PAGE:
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Plant Extract Helps Trim Diet
Risun Bio-Tech Inc | Updated: Jun 13, 2016

Plant Extract Helps Trim Diet 

Kiwi researchers experimenting with a bitter plant extract have developed a potential appetite suppressant, they have told an international obesity conference.

They have not named the plant but presented test results to the European Obesity Summit in Sweden, showing that taking capsules containing the plant extract, Amarasate, was associated with subsequently consuming fewer kilojoules.

The experiment was done in 19 men of normal weight. For three treatment days, after fasting overnight, they ate a standardised breakfast and took capsules at 11am.

Participants given active capsules consumed on average 911 kilojoules less for lunch and 944kJ less snack food.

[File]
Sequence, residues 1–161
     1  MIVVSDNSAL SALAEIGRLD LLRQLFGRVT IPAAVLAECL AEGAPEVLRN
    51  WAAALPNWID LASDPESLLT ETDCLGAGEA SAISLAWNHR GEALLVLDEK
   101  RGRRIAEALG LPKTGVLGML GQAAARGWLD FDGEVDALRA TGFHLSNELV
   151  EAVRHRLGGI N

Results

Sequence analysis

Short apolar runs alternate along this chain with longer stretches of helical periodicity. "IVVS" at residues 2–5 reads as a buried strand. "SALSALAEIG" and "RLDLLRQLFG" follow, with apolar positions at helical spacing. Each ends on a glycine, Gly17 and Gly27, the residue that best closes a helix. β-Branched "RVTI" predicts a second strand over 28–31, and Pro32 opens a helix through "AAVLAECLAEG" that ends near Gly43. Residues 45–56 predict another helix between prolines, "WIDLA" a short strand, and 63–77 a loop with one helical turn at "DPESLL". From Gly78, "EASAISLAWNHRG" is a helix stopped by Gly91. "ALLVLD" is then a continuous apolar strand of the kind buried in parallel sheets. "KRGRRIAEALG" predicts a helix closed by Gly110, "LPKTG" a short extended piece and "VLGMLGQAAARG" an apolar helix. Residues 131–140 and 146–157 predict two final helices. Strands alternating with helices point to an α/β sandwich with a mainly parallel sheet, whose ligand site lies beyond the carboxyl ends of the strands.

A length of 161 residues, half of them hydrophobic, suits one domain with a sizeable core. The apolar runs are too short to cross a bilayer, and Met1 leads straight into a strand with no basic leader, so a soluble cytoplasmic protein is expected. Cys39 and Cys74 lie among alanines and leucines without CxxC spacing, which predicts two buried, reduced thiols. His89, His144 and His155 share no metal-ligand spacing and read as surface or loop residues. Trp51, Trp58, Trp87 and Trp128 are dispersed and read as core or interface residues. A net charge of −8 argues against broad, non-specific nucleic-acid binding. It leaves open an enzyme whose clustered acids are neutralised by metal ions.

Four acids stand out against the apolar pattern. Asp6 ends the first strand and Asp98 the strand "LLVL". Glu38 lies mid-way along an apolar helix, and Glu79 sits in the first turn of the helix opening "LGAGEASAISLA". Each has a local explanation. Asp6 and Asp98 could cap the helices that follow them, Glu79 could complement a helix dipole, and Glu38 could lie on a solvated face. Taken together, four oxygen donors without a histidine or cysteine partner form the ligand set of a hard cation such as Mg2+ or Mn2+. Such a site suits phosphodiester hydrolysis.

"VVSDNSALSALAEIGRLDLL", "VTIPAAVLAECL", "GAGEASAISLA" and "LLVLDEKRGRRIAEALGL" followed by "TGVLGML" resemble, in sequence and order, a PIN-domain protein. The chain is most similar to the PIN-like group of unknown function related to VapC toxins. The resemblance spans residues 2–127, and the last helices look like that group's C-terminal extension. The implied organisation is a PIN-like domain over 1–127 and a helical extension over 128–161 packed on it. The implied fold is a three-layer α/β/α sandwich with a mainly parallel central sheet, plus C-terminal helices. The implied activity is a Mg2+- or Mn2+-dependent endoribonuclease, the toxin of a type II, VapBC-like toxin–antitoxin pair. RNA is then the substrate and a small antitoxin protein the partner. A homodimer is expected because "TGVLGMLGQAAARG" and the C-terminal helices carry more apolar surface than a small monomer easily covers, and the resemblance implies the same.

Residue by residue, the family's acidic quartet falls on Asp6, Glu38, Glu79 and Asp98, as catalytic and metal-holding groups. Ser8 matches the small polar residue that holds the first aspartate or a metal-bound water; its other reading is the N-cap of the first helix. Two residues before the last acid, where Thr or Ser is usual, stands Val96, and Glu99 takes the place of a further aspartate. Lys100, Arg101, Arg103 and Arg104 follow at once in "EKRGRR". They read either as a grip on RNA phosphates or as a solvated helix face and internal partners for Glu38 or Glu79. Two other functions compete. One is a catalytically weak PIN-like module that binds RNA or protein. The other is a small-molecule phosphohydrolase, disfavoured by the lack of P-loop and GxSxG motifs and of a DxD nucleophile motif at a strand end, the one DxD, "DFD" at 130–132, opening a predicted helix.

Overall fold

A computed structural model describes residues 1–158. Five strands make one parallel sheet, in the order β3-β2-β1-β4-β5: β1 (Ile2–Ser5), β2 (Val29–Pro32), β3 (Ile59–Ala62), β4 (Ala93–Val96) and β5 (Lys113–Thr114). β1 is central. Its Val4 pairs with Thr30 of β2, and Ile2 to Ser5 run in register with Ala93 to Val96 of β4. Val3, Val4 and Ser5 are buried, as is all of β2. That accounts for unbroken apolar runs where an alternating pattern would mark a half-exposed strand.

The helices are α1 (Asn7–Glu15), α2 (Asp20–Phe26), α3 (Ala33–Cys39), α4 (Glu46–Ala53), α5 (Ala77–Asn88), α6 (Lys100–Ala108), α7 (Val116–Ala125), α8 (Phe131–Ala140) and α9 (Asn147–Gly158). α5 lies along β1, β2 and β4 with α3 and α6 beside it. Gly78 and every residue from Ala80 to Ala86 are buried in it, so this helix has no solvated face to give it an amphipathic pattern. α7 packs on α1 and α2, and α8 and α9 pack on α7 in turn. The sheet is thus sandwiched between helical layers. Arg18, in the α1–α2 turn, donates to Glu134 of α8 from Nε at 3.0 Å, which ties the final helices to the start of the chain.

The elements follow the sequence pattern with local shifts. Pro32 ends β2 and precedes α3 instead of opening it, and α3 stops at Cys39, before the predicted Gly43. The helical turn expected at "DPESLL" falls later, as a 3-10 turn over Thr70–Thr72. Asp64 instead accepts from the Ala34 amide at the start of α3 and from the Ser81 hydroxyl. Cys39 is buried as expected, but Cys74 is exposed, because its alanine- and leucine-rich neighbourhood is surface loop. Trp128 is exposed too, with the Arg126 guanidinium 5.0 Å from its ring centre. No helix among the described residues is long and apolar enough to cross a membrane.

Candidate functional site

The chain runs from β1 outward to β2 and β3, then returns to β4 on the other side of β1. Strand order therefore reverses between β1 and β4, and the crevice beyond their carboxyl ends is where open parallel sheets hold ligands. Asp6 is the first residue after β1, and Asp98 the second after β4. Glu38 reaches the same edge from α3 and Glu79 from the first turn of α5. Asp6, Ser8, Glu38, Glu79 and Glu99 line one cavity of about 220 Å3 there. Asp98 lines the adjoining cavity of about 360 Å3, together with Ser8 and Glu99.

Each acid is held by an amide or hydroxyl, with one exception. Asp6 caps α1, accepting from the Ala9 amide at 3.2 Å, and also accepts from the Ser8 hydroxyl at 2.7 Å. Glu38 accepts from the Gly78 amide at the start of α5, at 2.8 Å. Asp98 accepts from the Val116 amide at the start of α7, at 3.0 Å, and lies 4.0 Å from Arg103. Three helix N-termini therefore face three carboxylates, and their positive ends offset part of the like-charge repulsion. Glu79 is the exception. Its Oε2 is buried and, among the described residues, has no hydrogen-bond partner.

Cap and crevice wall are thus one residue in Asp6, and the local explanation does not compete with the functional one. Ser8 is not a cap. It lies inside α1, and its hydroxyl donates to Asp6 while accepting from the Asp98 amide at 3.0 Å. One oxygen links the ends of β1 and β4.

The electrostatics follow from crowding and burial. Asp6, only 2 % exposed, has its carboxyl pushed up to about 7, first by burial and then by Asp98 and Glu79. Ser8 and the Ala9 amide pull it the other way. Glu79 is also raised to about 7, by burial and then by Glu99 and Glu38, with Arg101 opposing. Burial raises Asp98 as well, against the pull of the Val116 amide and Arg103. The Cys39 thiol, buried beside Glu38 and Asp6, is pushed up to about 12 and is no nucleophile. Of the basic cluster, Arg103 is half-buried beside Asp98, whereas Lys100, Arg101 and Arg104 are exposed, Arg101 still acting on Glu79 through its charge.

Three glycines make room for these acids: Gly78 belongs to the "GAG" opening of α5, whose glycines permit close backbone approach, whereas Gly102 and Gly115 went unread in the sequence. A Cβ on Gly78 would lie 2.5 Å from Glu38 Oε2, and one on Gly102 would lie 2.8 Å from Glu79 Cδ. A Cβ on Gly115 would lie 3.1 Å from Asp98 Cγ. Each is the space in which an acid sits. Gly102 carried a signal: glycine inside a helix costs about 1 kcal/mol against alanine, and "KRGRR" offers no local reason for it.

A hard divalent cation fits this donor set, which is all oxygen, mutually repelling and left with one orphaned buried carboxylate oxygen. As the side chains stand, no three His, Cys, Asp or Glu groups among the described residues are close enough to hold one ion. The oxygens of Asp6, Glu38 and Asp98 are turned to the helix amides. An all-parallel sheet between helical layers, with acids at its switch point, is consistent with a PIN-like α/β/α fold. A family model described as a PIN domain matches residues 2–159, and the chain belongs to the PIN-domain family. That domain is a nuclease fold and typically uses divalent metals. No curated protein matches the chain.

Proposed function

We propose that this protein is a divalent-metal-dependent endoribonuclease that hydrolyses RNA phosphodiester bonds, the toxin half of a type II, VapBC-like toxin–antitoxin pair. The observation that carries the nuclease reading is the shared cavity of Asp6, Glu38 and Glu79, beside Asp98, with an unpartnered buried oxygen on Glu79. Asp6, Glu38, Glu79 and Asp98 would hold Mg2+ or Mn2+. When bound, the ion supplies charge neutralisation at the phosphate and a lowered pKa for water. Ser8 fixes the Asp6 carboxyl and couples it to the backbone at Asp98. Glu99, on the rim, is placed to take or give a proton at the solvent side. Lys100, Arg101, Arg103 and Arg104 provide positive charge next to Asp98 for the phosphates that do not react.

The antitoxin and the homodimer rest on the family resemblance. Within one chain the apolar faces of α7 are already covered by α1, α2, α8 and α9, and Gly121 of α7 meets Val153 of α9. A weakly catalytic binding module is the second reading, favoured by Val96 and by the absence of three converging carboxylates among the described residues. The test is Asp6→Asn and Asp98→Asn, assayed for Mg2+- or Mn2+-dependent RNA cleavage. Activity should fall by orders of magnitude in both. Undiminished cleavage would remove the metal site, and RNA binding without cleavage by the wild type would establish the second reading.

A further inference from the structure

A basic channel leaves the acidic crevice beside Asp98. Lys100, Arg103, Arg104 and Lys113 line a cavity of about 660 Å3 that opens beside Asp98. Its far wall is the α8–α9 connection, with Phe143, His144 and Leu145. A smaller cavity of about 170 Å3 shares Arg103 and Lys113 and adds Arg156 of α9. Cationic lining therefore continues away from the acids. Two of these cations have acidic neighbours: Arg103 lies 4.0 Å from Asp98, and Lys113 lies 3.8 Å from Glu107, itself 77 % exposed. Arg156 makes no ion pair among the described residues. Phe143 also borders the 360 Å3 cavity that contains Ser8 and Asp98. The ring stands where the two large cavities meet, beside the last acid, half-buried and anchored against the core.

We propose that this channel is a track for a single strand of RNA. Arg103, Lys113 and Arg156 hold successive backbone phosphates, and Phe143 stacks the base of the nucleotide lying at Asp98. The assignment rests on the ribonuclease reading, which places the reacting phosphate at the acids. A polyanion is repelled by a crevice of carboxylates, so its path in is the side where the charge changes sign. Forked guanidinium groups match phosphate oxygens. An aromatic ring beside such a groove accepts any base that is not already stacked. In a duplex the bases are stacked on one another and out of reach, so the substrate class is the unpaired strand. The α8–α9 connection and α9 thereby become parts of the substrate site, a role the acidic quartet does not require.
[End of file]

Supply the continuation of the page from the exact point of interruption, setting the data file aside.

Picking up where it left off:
In 2008/09, the New Zealand Adults Nutrition Survey found the median daily energy intake was 10,380kJ for men and 7448kJ for women.

Amarasate, described as a "bitter brake", has been developed by researchers from Plant & Food Research and Auckland University and they have a registered a trademark for the product.

"Activation of the bitter brake mechanism by a bitter plant extract can stimulate the release of gut peptide hormones involved in appetite regulation and suppress subsequent feeding behaviour in healthy men," they say.